Hollywood studios invest in Hong Kong developer of smartphone games
Local platform Fifth Journey has the skills and know-how to get big-name titles into the right hands in China – and the studios are giving his team inside access to the creators of upcoming releases
Fifth Journey has a co-working space at Blue Print in Taikoo Shing, but the company will have to find a bigger space to accommodate more people because the plan hatched by chief executive and founder Eric Tan Xuen Da is fast becoming a reality.
The company, founded last March, announced recently that three Hollywood studios – MGM, Lionsgate and Universal Pictures – have taken a minority stake in Fifth Journey. It is, according to the local game developer, the first time Hollywood has invested in an Asian mobile entertainment company.
Tan would not divulge how big the stake was, but added even “Hollywood celebrities”have expressed interest in investing in the company too.
Fifth Journey is touted as a one-stop shop that doesn’t only offer free downloads of games and movie trailers but also allows users to buy merchandise and movie tickets through its mobile phone app. But most of all, it could become a profitable tool for film studios to recoup some of their production costs.
Mobile gaming can be hit or miss. There are thousands of games out there for smartphone users but only one in 10,000 makes it big, says Tan. But if it’s a hit, it’s like winning the jackpot. Candy Crush Saga developed by King.com, for instance, makes US$500-$800 million a year, says Tan, while Supercell’s Clash of Clans makes between US$2-$3 million a day.
Fifth Journey increases its chance of success by featuring characters from Hollywood blockbusters in its titles, which it sells to one of the biggest game markets in the world: China.
While there is a quota imposed on the number of Hollywood productions that can be screened on the mainland (34 titles a year), there is no such restriction for mobile games.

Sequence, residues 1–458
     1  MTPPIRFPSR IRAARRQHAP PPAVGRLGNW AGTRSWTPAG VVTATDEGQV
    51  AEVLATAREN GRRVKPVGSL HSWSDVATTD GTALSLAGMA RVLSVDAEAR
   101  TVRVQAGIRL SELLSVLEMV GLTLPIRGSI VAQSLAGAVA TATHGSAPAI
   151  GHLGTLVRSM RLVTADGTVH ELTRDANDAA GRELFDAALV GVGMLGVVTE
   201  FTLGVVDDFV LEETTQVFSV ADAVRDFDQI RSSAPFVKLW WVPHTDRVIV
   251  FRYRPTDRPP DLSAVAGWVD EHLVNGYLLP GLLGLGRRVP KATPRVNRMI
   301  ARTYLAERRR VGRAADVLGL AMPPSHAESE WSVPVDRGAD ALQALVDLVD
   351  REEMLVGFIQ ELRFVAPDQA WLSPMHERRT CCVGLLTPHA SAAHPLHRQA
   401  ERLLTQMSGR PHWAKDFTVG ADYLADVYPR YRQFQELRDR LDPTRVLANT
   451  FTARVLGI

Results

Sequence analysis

“The Hollywood box office is flat. But with gaming, it gives them a way to get into China,” explains Tan, 36.
However, tapping into the vast mainland market is not just about translating everything into Chinese. Tan has to make sure games developed by Fifth Journey are properly distributed and localised.
He explains in the West the distribution channels are Apple Store and Google Play. But in China, game distribution is fragmented into some 100 different channels and outsiders must work with top industry players like Baidu, Tencent and Netease.
“We have the edge because we know which channels to work with depending on the type of game, genre and audience,” says Tan, who had previously worked at two major game developers, Electronic Arts and Gameloft.
“The second is the culturalisation.”
He says for the game Despicable Me, developed by Gameloft, the file was shrunk from 150MB to 50MB for the mainland market: “We had to do this because data is quite expensive for average Chinese consumers compared to Hong Kong or the US,” says Tan.
“Because they are very sensitive about file size in China, we have to do audio and video compression and we might sacrifice some of the later stages of the game. Another issue is the game difficulty. In the Western version, 60 per cent can’t get past the first round, but in the Chinese one, we tutorialise the game so that you will pass it.”
For the mainland market, players will have to pay hard currency to continue if all their virtual lives have run out. In Despicable Me, an extra life costs only one yuan, charged to the user’s mobile bill, but this rule alone contributed to 70 per cent of the game’s revenue. “It’s impulsive buying,” says Tan.
He says Chinese players are willing to pay for the game once they like it.